Yesterday, my mom and I went to this crappy little gas station not too far from our house. The gas station has a little grocery store attached. The whole place smells like smoked ham and fishing bate, and there's a big row of shrink wrapped pickles by the cash register. We went over to Canale's, bought ham sandwiches for 2 bucks, bought BBQ potato chips and Dr. Pepper.

We went to the local park and sat on a picnic bench and looked at the lake and the ducks swimming around while we ate our two-dolla sandwiches under the trees. It was so pleasant and peaceful. I didn't think about not having a job or direction or purpose. I just enjoyed the lunch date with my mom watching the ducks. We haven't eaten lunch at a park like that since I was little, and I tried to etch it in my memory, because I think this time of quiet in my life is fleeting.

I'm trying to hold onto the memory of living in L.A. and constantly chasing an illusion around, trying to make a life work for me that never would. I try to remember feeling isolated and empty all the time, feeling like I had no support and no hope. I try to remember this so I can recognize how lucky I am now to live closer to family and live closer to people who care.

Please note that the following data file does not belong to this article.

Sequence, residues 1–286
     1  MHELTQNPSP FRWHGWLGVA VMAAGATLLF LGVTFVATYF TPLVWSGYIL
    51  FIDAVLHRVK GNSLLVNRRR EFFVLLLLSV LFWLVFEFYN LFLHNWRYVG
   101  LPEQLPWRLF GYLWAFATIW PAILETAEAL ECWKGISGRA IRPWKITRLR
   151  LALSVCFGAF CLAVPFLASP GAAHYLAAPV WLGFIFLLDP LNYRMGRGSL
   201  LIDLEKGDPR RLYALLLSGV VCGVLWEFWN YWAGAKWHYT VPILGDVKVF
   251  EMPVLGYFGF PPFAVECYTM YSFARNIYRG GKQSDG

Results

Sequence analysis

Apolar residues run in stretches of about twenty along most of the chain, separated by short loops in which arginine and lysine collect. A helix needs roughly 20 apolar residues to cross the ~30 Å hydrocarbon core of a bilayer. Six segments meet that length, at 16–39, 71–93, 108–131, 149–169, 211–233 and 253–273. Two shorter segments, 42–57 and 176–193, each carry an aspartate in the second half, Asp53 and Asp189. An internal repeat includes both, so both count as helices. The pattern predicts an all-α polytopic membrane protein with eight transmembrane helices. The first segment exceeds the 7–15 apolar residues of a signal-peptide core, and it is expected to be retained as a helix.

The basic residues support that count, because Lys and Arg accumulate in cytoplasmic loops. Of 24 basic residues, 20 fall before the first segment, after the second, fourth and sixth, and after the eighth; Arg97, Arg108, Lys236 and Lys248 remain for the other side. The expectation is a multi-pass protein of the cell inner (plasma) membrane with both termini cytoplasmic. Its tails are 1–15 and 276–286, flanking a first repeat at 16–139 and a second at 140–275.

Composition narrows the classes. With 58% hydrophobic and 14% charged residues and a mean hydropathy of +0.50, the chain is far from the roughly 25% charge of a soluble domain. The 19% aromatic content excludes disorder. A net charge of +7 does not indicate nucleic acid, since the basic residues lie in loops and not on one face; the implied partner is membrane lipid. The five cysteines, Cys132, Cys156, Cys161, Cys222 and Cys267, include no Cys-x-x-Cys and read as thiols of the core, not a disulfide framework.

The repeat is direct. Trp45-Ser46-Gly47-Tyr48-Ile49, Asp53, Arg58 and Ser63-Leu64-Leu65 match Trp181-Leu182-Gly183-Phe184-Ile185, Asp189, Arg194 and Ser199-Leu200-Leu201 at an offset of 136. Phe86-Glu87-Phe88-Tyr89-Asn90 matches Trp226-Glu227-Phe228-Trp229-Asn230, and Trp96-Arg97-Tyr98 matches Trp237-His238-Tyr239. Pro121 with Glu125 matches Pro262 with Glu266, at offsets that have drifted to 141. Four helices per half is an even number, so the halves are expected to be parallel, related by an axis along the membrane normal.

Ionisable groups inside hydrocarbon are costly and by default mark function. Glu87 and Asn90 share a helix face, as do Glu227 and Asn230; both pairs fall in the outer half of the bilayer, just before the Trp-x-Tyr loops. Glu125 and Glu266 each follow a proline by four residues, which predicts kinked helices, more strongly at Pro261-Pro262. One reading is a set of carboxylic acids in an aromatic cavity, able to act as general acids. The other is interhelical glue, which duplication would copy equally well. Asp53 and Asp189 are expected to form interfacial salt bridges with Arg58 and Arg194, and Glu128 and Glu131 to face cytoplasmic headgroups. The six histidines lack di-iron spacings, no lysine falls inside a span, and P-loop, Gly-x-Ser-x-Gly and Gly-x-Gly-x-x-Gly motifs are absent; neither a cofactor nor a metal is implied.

I still get sort of shocked when people are nice.

I went on an awkward trip to the lake a couple of weeks ago, and while we were tied up to a bunch of other boats, some hillbilly with a gold pirate medallion hanging around his neck said in thick, redneck English, "Y'all just come on down to my boat if you run out of beer. We've got liquor too. Just come on down, and we'll getcha whatever ya want." And I thought to myself, "Wow. That was nice. That would never happen in L.A." Then I chalked it up to this guy, named "Rip," (Not a joke) being a typical guy and hitting on us, so I sort of discounted his kindness. But then, these two cute girls in their early 20's came swimming up to our boat, and said, "Hey, we thought y'all might be around our age, and you look nice, so we wanted to come be friends." Then I thought to myself, "People in the South are just genuinely nice. That's all there is to it. Hang on to this, Rachel. Don't throw out the gentility baby of Memphis with the boredom bathwater."

It's hard to sift through what makes living here worth it and what will eventually drive me to insanity. I have to hang onto cheap living cost. I have to hang onto kindness. I have to hang onto a possible Ph.D. for next-to-nothing and people who ask how I'm doing and actually CARE how I'm doing. I have to hang onto it all, and keep remembering that everything happens for a reason. It really does.

Monday, September 13, 2010

I Miss my Funny Friends.